Life in Japan – Part 2

Written on September 14, 2010. Written by .

At the time of my last post I was just getting settled into my apartment. It’s been over a week since then and in that time I’ve had a chance to experience a real Tokyo lifestyle. It’s hard to summarize what I’ve been doing, but I’ve been sending a lot of time studying at the library, meeting up with people, and searching for jobs, clubs, conversation partners, and affordable food.

Sumida River
Taken from a bridge near my friend Emiri’s office.

Since learning Japanese is one of my biggest motivations for coming to Japan, I try to do some textbook study of Japanese at the library every day. The library I’ve been going to is really nice for a public library. Being on the 9th floor of the government office building, it has a surreal view of the concrete sprawl of Tokyo from the closest perspective. If you are too high, you just get a bird’s eye view and if you’re too low, you can only see the building across the street. From the ninth floor, you’re just above the surface of the concrete thicket, with skyscrapers jutting above here and there. It’s really convenient that it’s open until 10 pm, has free wifi, and is only a 10 minute walk from my apartment. But as my Japanese textbook warned me, there is no way to dry your hands in the bathroom.

Speaking of bathrooms, I don’t think I ever would have used a Japanese style toilet without a solid reason, but recently that reason arose. I was on a trip to a city called Kashiwa to meet a girl and I tried to use the regular toilet in the stall at the station. But when I opened the door, it looked like someone had intentionally smeared their feces all over the toilet seat. I was taken aback. So I decided to resort to the the squatting-style Japanese hole-in-the-ground toilet. During this experience I had time to speculate on what had happened in the other stall and I came up with a convincing theory. What probably happened is that an old man who never got used to western toilets was forced to use it and decided to pretend like it was a Japanese toilet!

Meiju Jingu
This photo was taken by my friend Rumi who just got back from LA and was nice enough to show me around Harajuku, Yoyogi Park, and Meiji Jingu.

In addition to textbook study, I’m trying to have a lot of conversations in Japanese, which is much more fun. I’ve been using the internet and classifieds to look for conversation partners. I didn’t get many replies to the ad I posted, but I have met up with a few people. It was interesting that when I was walking through Harajuku with a girl I met, everyone was staring at her. I asked her why and she said it was because people were curious about why she was walking down the street with a foreigner. They never need to look directly at me because they can tell out of the corner of then eye that I’m a foreigner, but they have to scrutinize her to figure out what it is about her that put her in that position.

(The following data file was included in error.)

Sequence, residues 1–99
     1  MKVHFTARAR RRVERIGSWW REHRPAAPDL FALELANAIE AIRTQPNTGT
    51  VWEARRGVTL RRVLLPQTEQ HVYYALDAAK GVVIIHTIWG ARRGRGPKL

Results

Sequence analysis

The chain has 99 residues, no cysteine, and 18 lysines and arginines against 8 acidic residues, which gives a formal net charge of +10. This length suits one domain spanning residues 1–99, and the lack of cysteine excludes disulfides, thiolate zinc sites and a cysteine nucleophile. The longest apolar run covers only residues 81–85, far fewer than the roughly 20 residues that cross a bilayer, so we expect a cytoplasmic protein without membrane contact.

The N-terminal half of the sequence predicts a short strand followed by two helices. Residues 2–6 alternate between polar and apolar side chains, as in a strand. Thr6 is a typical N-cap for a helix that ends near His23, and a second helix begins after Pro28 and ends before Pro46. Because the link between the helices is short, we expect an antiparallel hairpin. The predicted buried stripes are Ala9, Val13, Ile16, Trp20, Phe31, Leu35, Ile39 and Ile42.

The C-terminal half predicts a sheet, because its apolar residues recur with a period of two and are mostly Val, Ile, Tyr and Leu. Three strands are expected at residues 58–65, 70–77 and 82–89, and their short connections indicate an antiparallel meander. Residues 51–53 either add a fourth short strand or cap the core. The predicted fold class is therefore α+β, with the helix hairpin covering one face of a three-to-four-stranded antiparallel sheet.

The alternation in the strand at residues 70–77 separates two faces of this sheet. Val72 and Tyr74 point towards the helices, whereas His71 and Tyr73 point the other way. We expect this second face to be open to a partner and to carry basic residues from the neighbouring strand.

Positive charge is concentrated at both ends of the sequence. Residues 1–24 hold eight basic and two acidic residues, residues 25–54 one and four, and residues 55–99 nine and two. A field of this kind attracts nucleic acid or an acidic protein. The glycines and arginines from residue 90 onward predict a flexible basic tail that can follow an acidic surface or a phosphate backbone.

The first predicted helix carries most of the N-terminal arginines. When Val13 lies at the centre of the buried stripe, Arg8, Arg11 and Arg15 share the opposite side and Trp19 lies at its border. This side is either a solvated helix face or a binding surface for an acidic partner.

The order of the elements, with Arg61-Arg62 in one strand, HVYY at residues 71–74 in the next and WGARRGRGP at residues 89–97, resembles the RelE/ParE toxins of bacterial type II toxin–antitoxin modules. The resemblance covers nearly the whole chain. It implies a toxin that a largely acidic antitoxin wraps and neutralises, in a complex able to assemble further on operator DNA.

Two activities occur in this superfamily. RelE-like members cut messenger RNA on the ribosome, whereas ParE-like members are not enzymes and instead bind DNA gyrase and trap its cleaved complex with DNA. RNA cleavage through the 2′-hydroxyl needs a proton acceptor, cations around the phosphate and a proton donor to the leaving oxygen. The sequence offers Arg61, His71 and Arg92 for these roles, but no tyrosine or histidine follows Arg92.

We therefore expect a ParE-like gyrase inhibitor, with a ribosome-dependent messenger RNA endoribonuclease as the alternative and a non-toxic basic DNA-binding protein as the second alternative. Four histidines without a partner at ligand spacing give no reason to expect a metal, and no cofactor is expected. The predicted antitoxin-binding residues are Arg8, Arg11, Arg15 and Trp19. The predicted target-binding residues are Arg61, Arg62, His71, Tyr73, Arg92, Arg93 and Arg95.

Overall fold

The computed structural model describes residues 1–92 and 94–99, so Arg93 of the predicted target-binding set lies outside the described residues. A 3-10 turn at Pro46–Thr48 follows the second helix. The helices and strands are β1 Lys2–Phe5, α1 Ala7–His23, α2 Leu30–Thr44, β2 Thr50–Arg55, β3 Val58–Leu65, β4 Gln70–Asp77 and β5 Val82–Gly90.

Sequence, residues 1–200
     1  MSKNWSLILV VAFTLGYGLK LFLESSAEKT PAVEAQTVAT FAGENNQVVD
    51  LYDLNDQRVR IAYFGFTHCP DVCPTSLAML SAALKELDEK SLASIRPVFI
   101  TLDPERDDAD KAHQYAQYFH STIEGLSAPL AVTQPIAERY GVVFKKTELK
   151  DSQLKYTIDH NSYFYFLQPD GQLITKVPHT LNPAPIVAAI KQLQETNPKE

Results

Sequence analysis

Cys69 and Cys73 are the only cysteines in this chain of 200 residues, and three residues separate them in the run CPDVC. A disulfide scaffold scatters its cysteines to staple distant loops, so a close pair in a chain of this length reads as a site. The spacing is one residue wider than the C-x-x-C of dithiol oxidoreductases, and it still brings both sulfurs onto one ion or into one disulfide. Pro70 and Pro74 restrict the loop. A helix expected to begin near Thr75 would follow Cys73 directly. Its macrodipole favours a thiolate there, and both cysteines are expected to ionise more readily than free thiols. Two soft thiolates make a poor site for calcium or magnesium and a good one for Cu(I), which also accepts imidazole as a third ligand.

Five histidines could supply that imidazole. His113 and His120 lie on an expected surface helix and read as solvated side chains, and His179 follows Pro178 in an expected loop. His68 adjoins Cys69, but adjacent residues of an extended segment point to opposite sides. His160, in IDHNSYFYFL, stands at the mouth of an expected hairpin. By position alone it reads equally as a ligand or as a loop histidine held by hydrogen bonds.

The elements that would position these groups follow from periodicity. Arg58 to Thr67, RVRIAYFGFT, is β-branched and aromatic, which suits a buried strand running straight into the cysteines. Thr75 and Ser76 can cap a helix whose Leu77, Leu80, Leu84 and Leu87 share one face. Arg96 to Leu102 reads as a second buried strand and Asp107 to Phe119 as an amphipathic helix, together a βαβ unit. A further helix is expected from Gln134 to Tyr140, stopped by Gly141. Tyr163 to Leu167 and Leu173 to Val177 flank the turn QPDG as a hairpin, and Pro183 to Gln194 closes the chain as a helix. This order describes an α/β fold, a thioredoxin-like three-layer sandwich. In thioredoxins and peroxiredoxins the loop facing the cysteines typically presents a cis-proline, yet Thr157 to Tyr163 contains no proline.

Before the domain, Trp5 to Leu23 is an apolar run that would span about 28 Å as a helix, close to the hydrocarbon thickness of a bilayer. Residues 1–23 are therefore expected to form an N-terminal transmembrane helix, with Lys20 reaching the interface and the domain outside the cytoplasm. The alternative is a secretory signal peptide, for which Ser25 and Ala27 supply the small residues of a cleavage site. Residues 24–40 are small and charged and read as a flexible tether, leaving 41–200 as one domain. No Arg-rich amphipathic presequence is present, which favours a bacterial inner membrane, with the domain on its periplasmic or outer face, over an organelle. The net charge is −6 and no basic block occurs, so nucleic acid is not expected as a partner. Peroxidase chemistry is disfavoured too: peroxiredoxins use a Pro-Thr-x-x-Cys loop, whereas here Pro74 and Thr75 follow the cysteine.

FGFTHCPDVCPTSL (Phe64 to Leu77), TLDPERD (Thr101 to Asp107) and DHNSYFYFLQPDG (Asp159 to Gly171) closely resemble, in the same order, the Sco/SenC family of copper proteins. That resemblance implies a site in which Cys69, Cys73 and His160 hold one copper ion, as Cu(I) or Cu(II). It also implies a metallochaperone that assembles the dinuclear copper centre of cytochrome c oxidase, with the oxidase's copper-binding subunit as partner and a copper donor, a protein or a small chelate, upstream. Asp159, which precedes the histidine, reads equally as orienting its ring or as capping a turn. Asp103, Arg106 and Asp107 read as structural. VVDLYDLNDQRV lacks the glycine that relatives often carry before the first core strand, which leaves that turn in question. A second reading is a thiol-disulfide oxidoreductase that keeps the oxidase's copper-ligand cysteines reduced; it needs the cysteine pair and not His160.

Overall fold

I’ve also done some more experiments with initiating conversations on the street and in the subway station. What I’ve found is people in Tokyo will usually try to ignore strangers who start random conversations, though there are exceptions. One time while waiting for the subway, I made a comment to a lady next to me about how early the trains stop since it was the last train and the place was crowded. I could tell she heard me by the awkward look on her face, probably due to how bad my Japanese sounded at the time. So I asked if she disagreed and in response she got up and moved to a different seat. But once you get an introduction or some form of connection, they are really friendly. I got introduced to a girl by a guy who I met two minutes earlier. The guy just said I was his friend and the girl was super friendly.

Meiji Jingu
In the gardens of the temple grounds.

I’m pretty sure I won’t be able to find a reasonable job here. I’ve already been rejected by 8 companies and I ended up giving up on the 9th when I found out the job was to be a babysitter clown who sings and dances to English songs for children who don’t know any English i.e. you are the only adult present and you are responsible for a classroom full of children who you have no common language with. To make things worse, they send you to a different school every week so you have to do a lot of unpaid commuting time. The fact is, a lot of these companies don’t respect their teachers much. And the market is pretty bad for English teaching right now; there are fewer children due to the declining birthrate and enrollment has dropped further due to the poor economy. But I hear you might have better luck as a woman. Both of my apartment-mates are ladies who have jobs teaching English, even though they are from France. According to them, a lot of their clients are businessmen who prefer to stay out late in the evening to avoid their marital issues at home. Last week, I applied to 7 more companies with no replies yet, and I don’t expect any. It might sound sad to be rejected so much, but I’m not disappointed at all; I was never attached to the idea of getting a job. It just means I’ll have more time to study and experience Japan.

This week I also encountered a new cultural issue: how to walk. I never realized how subconsciously we avoid walking into each other. When I walk in Tokyo, I’m always coming dangerously close to colliding with people. I keep on unconsciously going to the right, but in Japan they steer to the left. It’s tough to change this habit.

In other news, the new record for most extreme food item price: 6000 Yen ($72) for a normal watermelon.

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